(((O))) Category: Reviews
A Wound of Earth is a testament to CEKE’s unique sound, along with their ability to innovate and adapt. An invaluable skill for any band to have.
Like a mad geologist’s spare room, this short record is crammed full of all kinds of species of metal and rock, cramped together in a powerful, multifaceted lump of heaviness.
Norwegian avant-garde legends don’t quite reach their highest standards, but continue to prove they are the masters of black metal atmospherics.
Alabama noise/drone/spoken word artists Clawing follow up their harrowing debut with the tale of an addict digging a hole. But it’s not as difficult a listen as it sounds – there are nuances and details to explore in Labour, a record rich with empathy that is in turns beautiful and savage.
Yes, you can listen to this stuff sitting down, but then the question remains, why would you want to?
‘Reverse of Rebirth In Universe’ feels like something of a boundary marker, prompting us to look into the next years, no, centuries, of Acid Mothers Temple and the Melting Paraiso UFO!
SAVAK embrace the idea of rock ‘n’ roll as wide ranging tradition to which they’re happy to belong, even if it may have run its course. As they see it there are still good times and good tunes to be had. It’s a winning blend of classicism and iconoclasm.
If you are still not sure what post-rock or any of those posts, post terms really are all about, try Plus it will all become a bit clearer.
Part 1, l’amour et l’ardeur, is a stellar piece of work that has the breadth of a universal rainbow stretching to the wonders of infinity. Infused with an infinite amount of colours, thoughts and feelings it is yet another wonderful leap in 鬼’s incredible musical journey and an album that could heal the most wounded soul.
Respire mirror their exceptional second album ‘Dénouement’ as a beautifully reworked, purely orchestral adaptation through ‘Memorial (An Accompaniment)’.
This album is a masterpiece, not only in its instrumentation, but how that instrumentation relays its message.
With Eaves, Forever House, who comes from a different musical background, have shown many aspiring rockers what math-rock/prog rock, or whatever you want to pigeonhole your music into, should sound like.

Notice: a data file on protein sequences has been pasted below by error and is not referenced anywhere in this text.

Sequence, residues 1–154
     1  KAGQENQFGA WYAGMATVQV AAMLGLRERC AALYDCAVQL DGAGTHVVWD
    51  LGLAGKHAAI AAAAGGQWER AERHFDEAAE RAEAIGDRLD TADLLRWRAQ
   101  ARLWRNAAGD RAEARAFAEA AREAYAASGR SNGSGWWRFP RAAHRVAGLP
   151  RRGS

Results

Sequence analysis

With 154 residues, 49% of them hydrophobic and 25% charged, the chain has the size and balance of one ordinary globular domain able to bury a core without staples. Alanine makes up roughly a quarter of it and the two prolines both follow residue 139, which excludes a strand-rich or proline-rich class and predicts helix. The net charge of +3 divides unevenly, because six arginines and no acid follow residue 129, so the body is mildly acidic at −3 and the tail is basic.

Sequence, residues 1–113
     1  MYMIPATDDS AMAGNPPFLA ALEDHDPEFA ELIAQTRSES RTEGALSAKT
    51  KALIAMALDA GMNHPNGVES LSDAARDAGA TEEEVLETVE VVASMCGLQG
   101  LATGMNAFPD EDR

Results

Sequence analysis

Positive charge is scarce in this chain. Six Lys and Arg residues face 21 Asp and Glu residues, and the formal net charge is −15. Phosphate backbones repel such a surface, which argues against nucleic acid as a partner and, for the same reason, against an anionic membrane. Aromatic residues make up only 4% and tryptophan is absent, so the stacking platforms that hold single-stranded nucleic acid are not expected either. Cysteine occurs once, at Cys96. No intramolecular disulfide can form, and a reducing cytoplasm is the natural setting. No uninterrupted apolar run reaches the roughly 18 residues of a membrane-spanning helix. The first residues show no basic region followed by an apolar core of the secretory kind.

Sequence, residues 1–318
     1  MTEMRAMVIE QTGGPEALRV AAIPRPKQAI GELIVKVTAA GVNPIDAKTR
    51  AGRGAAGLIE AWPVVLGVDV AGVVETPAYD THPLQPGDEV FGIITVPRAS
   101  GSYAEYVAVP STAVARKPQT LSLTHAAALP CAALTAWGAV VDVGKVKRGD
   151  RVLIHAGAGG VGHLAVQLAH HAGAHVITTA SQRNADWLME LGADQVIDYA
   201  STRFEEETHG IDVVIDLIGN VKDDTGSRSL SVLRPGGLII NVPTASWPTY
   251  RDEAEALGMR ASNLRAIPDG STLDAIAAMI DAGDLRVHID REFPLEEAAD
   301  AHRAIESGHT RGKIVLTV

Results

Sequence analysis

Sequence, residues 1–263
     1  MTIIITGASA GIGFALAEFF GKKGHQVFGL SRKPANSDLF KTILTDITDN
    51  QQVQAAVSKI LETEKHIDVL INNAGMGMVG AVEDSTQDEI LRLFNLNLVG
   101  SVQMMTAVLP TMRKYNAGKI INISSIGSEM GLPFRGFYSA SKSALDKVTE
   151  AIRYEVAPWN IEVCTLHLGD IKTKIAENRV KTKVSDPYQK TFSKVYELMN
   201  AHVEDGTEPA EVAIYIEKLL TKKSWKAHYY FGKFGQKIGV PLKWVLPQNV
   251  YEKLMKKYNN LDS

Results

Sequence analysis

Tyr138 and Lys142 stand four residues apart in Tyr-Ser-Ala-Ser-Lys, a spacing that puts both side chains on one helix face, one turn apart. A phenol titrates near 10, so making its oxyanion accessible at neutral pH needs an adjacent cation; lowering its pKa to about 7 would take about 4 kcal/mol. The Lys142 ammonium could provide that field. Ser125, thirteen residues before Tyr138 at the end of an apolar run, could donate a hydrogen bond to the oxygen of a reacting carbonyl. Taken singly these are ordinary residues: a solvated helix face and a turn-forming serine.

You hear these epic, operatic choruses and you swear that you can flex your magically enormous biceps and real lightning will actually shoot out of your fingertips.
It’s a further refinement of the approaches on last year’s Some People Really Know How To Live and Total Shit! with improved results. Definitely more shine than shit.
OHHMS are are like nothing on earth; huge, unnerving and loud. But this album, with biting, powerful lyrics concerned with animal rights, is a triumph.
A new delivery of locally-trademarked version of fast and atmospheric black metal, galloping hooves drum kick and epic trance-riffs, which tend to be complex attacks on simple memorable structures.
This is a fantastically engaging album, with some people are saying it’s Segall’s best.
You really do have to admire Spencer’s tenacity in spreading the rock n’ roll gospel as he sees fit. I guess I’m just not as receptive to hearing it as I used to be.
Things that felt closer, stronger and warmer in Summer now feel distant, fragile and colder. But there is also more time and different stars in the sky to bring about contemplation instead of urgency, calm instead of passion and a whole different sort of beauty and joy to be found wherever you look. This is all displayed perfectly within this record.
As 2018 winds to a close, a certain characteristic, a label could be put on quite a number of releases that came out – bleak records for bleak times. Vancouver’s Dan Managan and his fifth album More Or Less seems to be here to prove the point.
The band have become more and more pissed off with the way the world is and have used this to fuel the aggression in their music, rather than simply trying to raise the bar from the last record.